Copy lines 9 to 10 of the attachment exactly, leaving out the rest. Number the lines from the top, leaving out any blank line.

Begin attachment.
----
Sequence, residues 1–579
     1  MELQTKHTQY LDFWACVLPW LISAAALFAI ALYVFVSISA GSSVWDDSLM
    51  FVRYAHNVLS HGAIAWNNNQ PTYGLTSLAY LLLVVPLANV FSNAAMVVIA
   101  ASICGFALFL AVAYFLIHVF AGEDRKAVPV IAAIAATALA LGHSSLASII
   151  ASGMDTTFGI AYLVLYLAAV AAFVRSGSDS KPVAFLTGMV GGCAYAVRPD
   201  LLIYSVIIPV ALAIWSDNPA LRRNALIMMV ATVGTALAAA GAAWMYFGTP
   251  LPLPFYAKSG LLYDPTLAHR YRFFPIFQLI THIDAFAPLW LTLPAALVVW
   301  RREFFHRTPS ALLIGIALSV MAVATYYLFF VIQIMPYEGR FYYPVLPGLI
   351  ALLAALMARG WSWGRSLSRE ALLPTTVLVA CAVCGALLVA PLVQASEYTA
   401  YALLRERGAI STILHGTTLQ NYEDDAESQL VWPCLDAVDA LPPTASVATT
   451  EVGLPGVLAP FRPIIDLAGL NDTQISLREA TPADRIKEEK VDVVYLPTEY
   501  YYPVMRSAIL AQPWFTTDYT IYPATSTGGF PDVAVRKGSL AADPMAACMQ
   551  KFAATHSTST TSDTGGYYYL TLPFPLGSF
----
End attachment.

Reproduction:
   351  ALLAALMARG WSWGRSLSRE ALLPTTVLVA CAVCGALLVA PLVQASEYTA
   401  YALLRERGAI STILHGTTLQ NYEDDAESQL VWPCLDAVDA LPPTASVATT